A Randomized Crossover Trial of Combination Pharmacologic Therapy in Children with Familial Hyperlipidemia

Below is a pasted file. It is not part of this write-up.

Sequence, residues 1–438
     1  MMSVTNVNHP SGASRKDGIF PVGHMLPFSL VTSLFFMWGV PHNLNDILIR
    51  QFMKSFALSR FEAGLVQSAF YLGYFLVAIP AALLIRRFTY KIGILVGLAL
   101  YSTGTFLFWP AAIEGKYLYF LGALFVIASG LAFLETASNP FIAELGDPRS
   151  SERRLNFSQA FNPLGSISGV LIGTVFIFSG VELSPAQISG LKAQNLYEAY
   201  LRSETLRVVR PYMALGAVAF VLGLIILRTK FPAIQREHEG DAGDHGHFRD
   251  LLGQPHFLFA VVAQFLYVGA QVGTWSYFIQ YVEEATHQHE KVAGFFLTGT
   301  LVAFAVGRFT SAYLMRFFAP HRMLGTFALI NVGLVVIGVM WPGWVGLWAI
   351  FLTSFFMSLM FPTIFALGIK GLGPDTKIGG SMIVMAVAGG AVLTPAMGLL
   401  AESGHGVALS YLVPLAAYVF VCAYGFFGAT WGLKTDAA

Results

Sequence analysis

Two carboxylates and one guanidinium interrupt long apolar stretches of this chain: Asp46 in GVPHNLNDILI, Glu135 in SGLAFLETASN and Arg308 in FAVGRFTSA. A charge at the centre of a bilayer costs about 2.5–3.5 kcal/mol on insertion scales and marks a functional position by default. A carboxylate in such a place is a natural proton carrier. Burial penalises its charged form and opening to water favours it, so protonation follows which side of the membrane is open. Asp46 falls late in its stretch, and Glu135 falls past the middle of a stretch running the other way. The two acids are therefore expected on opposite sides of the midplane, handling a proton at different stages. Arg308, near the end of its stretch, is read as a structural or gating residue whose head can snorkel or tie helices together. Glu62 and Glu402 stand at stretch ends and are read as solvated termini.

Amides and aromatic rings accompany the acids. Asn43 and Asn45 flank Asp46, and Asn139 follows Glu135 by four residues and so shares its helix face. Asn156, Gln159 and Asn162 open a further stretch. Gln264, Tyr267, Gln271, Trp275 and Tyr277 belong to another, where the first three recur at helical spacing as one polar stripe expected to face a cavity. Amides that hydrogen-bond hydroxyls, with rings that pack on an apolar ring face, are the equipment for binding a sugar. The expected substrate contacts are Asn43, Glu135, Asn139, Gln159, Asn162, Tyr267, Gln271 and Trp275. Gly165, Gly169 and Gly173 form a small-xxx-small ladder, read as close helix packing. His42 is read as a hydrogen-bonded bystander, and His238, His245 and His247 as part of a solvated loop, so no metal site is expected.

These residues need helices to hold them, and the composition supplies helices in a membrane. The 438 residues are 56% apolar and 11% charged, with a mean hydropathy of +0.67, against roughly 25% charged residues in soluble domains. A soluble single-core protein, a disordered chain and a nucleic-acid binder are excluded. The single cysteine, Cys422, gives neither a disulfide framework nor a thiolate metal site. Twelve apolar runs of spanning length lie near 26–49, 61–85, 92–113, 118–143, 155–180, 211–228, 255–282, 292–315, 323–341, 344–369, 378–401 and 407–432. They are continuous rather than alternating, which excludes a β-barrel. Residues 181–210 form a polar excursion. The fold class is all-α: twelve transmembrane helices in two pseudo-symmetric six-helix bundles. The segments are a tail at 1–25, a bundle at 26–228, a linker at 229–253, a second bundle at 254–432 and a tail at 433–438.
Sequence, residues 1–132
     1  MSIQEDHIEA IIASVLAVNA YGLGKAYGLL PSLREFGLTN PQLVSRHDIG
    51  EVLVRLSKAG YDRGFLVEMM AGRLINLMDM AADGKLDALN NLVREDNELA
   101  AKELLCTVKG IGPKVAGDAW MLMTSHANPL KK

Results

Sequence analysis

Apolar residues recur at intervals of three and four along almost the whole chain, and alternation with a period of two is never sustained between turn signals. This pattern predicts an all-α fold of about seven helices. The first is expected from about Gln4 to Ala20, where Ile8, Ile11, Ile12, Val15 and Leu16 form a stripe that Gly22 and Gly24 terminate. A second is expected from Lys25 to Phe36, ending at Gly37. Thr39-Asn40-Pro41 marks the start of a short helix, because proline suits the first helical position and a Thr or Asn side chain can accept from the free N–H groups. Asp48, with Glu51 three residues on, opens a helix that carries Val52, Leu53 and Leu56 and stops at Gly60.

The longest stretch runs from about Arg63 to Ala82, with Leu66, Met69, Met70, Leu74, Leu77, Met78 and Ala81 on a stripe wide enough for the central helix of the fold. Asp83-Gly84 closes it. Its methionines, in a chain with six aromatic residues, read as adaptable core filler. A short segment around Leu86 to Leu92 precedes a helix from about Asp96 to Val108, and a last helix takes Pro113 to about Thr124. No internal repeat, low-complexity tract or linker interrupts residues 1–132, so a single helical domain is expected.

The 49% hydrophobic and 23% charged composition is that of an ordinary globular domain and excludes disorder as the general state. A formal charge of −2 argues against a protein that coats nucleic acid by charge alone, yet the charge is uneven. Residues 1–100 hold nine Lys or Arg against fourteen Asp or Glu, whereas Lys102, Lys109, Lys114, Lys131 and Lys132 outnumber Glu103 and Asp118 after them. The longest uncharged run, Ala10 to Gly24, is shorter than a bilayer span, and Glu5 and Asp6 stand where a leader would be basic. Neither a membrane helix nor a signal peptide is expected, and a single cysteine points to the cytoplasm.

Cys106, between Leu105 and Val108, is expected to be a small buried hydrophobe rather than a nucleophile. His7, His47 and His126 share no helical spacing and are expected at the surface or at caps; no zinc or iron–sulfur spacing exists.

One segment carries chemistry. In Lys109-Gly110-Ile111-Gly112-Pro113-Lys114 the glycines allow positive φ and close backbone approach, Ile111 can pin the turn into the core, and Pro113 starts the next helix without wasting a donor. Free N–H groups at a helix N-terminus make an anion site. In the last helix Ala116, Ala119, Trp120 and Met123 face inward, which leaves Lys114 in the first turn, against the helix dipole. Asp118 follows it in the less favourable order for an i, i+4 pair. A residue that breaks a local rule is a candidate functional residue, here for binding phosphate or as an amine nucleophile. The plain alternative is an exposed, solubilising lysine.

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We sought to determine whether a low-dose combination of a bile acid-binding resin (colestipol) with an hydroxymethylglutaryl CoA reductase inhibitor (pravastatin) would result in improved acceptability, compliance, and effectiveness in lipid-lowering compared with conventional therapy with a higher dose of a bile acid-binding resin only, with fewer side effects. We performed a randomized, crossover open-label clinical trial with two 18-wk medication regimens separated by an 8-wk washout period in 36 children and adolescents with familial hypercholesterolemia or familial combined hyperlipidemia. The regimens included colestipol 10 g/d (10 pills) versus a combination of colestipol 5 g/d with pravastatin 10 mg/d (six pills). All patients were maintained on a fat-reduced diet. Acceptability was better with the combination regimen. Mean compliance was similar and suboptimal (approximately 60%) with all medication components. Mean relative LDL cholesterol lowering was significantly better with the combination regimen (-17 +/- 16% versus -10 +/- 13%; p = 0.045), although insufficient to achieve recommended target values in the majority of patients on either regimen. Both regimens were equally free of adverse effects, with no important effect on chemistry or hematologic values. Patient-reported adverse effects were more common with the conventional-dose colestipol-only regimen. Compliance with medication regimens using the bile acid-binding resins is suboptimal, although combination with a low dose of a statin may result in better lipid lowering.
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